Last night, I went to see Cedric Klapisch’s latest film, Ma part du Gateau, at Odéon in St Germain. I watched the flashy life of a golden boy trader in London/Paris alternated with that of a fired factory worker from Dunkerque. The film accuses the speculative nature of trading as the source of the closing of the factory in Dunkerque, pointing an accusative finger to the trader for acting without a conscience. The trader is living fast, ready to tear out of any situation with his silver two-seater mercedes in this us-against-them scenario in the working world. When the film was over, I heard the voice of a man behind me muttering “what a load of nonsense” while others were clapping. I turned to see a blond middle-aged man in a pin-stripped suit and designer glasses with his eye-brows raised at his equally middle-aged wife. My first thought: banker.
I would have loved to have heard his full opinion (there is a lot to say about the film), but even ease-dropping was excluded in the human flow to the exit. I walked out of the cinema into the busy life in the heart of St Germain. There were cars driving down Boulevard St Germain, busses, scooters, Vèlib bikes and all kinds of people chatting or walking around. As I headed homewards lost in thought, I tried to imagine all these people in a dualistic world as presented by the movie. I had barely walked a minute when I saw the banker couple again, now in an animated discussion about the film: the man was clearly not impressed. But then: the blinking of the indicator lights of a silver two-seater Mercedes parked full out on the sidewalk. Right there at Odéon! The couple gets in and drives off. I could not believe my eyes. They had their car parked on the sidewalk for the full duration of the movie? Really? Here? For THAT movie? Life can give you clichés which are so hard that they would never work in literature or film. Or perhaps are even too crass for a blog..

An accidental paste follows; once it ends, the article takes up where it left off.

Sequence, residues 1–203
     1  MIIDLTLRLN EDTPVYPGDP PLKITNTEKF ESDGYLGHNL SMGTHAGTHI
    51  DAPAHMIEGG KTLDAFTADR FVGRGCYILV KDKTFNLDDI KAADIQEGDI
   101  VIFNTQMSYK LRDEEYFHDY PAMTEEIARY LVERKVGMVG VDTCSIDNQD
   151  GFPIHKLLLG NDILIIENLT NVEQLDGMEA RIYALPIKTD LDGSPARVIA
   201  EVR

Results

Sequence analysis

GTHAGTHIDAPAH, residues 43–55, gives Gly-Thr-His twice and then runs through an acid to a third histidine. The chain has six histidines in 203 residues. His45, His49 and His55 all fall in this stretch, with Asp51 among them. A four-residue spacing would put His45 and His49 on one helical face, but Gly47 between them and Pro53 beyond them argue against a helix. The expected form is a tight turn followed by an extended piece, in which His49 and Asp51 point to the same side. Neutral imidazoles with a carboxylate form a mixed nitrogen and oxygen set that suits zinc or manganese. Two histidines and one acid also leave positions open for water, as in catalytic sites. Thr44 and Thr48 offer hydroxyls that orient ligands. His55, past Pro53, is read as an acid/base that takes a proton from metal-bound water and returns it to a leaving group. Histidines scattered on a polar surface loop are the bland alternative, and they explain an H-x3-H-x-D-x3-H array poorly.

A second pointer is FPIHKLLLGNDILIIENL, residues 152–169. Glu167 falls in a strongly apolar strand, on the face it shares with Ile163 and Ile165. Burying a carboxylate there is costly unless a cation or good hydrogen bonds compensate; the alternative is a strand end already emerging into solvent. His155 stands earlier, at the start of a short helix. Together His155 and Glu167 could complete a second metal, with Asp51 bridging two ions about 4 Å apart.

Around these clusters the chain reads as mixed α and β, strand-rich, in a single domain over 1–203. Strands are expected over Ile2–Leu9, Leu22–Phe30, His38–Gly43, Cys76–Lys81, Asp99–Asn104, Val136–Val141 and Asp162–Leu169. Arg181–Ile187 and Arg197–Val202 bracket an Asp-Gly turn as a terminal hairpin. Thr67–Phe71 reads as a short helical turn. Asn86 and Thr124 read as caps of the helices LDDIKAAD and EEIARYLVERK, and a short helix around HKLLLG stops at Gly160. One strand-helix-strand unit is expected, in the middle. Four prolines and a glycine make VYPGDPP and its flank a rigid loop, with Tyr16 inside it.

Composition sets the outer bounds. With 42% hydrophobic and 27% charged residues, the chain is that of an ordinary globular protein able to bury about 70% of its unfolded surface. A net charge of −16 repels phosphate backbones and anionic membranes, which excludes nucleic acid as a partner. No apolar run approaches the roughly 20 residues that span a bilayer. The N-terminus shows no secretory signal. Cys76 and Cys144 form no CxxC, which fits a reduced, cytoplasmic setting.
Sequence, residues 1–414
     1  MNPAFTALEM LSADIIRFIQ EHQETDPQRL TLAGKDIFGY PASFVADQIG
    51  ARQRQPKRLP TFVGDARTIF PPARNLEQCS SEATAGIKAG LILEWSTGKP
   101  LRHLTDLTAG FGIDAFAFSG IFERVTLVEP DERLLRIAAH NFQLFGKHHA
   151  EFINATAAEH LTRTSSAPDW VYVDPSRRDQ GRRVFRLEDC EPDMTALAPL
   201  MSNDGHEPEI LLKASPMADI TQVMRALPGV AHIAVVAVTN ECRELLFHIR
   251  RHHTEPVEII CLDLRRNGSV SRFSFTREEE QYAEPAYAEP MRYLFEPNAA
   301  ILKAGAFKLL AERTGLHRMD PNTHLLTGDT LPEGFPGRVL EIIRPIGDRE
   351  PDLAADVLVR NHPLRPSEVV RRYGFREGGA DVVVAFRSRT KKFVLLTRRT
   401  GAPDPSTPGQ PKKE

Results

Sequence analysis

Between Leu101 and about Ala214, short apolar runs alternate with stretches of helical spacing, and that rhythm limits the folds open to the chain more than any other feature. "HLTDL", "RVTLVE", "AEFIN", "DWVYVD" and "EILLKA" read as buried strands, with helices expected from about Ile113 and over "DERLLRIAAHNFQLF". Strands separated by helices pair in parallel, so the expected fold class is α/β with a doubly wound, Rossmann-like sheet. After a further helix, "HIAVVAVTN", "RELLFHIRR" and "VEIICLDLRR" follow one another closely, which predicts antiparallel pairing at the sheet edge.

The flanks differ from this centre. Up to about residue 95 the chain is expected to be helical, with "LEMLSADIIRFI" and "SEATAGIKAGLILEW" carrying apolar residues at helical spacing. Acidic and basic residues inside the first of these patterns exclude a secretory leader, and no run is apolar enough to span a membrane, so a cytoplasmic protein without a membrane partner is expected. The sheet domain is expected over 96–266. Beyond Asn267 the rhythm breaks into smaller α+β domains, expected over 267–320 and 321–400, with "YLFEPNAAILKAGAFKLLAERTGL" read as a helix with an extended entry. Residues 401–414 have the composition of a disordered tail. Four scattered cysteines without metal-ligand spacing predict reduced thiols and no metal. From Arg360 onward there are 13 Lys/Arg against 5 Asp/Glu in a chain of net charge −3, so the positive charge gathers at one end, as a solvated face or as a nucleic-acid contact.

(Picture: Ma Part du Gateau)